Gov. Jerry Brown’s mixed legacy
About a month from today, a new governor will sit in the state Capitol’s “horseshoe” suite and face some problems that not even the hyper-active and often contemptuous soon-to-be-ex-Gov. Jerry Brown could not solve.
Those problems will obscure neither Brown’s achievements nor his failures.
When Brown took office in early 2011 for the first term of his second go-‘round as California’s chief, the state faced a huge budget deficit of $27 billion, which he turned into both a positive and a large rainy-day fund via a combination of parsimony and the political courage needed to run a major tax-increase ballot initiative, one that now forms part of state government’s financial base.
He also inherited from predecessor Arnold Schwarzenegger an over-budget High Speed Rail project that faced numerous legal challenges over items as basic as acquiring the land for laying tracks. The so-called “bullet train” has not exactly proceeded with bullet-like speed and today is even more over-budget and behind schedule than when Brown took over, while still facing most of the same legal problems.
Mark that one as a problem not solved, which Gov.-elect Gavin Newsom will inherit.
Brown helped appoint former Arizona Gov. Janet Napolitano, also a former Homeland Security Secretary, president of the University of California and did little while she and her aides accumulated a $175 million slush fund at the same time students were assessed roughly the same amount in tuition increases.
He’s been a leader in the global movement against climate change and last fall even dared the world to revive the “Gov. Moonbeam” tag once applied to him by the late Chicago columnist Mike Royko, promising California will “launch our own damn satellite” to track global warming. Royko coined the nickname in the late 1970s, when Brown previously advocated a state satellite.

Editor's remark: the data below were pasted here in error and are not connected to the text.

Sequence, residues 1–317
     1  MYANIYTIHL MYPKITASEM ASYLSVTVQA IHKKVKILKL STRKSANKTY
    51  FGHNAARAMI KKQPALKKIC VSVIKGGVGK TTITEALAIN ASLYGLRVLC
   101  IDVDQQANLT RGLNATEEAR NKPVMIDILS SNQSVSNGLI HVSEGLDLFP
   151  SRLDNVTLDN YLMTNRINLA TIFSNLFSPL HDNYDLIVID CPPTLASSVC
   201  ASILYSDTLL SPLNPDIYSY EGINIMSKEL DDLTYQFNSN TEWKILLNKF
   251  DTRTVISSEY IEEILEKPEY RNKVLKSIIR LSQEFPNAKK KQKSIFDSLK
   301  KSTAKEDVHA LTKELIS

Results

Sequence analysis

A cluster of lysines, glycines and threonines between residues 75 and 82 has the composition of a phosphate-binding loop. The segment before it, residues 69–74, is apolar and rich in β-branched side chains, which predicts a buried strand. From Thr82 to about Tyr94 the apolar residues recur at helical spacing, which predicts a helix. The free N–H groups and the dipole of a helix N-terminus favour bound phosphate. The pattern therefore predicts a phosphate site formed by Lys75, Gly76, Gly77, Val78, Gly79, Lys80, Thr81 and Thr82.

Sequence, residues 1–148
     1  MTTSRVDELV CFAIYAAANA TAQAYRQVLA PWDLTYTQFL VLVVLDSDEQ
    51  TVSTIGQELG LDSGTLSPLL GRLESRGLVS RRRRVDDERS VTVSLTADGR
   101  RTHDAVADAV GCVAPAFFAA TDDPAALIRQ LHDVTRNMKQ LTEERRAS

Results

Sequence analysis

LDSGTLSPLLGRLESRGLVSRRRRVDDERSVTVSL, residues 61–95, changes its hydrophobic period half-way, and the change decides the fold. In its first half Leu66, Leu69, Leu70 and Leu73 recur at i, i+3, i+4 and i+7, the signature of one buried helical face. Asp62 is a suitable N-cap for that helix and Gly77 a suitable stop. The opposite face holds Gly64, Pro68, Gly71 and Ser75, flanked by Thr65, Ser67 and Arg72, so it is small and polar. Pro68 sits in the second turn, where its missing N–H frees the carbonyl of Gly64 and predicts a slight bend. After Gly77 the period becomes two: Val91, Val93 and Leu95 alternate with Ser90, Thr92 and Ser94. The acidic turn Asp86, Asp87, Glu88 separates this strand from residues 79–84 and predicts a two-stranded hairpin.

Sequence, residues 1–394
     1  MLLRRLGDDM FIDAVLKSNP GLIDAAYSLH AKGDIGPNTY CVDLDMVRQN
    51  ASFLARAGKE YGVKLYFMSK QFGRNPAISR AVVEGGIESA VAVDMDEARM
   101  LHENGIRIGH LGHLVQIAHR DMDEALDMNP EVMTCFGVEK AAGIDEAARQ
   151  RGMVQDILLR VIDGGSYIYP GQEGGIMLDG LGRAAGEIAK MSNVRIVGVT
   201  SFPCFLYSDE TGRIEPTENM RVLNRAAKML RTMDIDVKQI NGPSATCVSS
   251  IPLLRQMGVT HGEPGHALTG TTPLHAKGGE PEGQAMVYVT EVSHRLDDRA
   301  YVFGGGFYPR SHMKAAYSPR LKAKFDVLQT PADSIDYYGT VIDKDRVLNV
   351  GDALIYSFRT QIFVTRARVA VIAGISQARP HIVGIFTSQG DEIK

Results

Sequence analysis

Brown sees the putative new space project as one part of California’s resistance to climate change reluctance from President Trump, who ordered federal agencies like NASA and the National Oceanographic and Atmospheric Agency not to track worldwide temperature changes. Newsom said in October he likes the satellite idea.
If there’s a large negative in how Brown is remembered, it likely will come over the corruption his appointees spawned at the state Public Utilities and Energy commissions.
The PUC consistently favors utilities over their customers and never penalized any commissioners who helped orchestrate a settlement between the Southern California Edison Co. and its customers on the costs of closing the San Onofre Nuclear Generating Stations. That deal was illegally reached in a secret meeting involving former PUC President Michael Peevey. Peevey has supposedly been under investigation for his role, but that alleged probe is now more than four years old, with no result. Meanwhile, Atty. Gen. Xavier Becerra, a Brown appointee just elected in his own right, won’t say where it stands.
Similar collusion by Peevey and other PUC members with Pacific Gas & Electric Co. has also gone unpunished, while costing consumers billions of dollars.
At the Energy Commission, highly questionable multi-million-dollar “hydrogen highway” grants favoring automakers and big producers of industrial fuel were first pulled back by commissioners after this column exposed the cronyism behind them. Most were re-instituted to the same recipients after the commission changed its rules a short time later. Brown did and said nothing about this scandal, then reappointed the commission chairman who oversaw it.
Brown also went along with almost all demands of public employee unions and signed every bill reaching his desk that eliminated delays under the California Environmental Quality Act and promoted large building projects like the Golden State Warriors’ under-construction new arena in San Francisco. Similar bills boosted the Los Angeles Rams/Chargers coming new stadium in Inglewood, the Los Angeles Clippers’ nascent arena also in Inglewood and the Sacramento Kings’ already completed new home.
And he did nothing to prevent the “motor voter” debacle at the Department of Motor Vehicles, which has mis-registered thousands of voters.
So how will Brown be remembered? Most likely as a governor who solved some problems he inherited and worked hard against climate change. But his legacy will also include doing little about corruption and virtually ignoring the state’s biggest financial problem: Its massive public pension deficit.
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Email Thomas Elias at email@example.com. His book, “The Burzynski Breakthrough, The Most Promising Cancer Treatment and the Government’s Campaign to Squelch It” is now available in a soft cover fourth edition. For more Elias columns, visit www.californiafocus.net.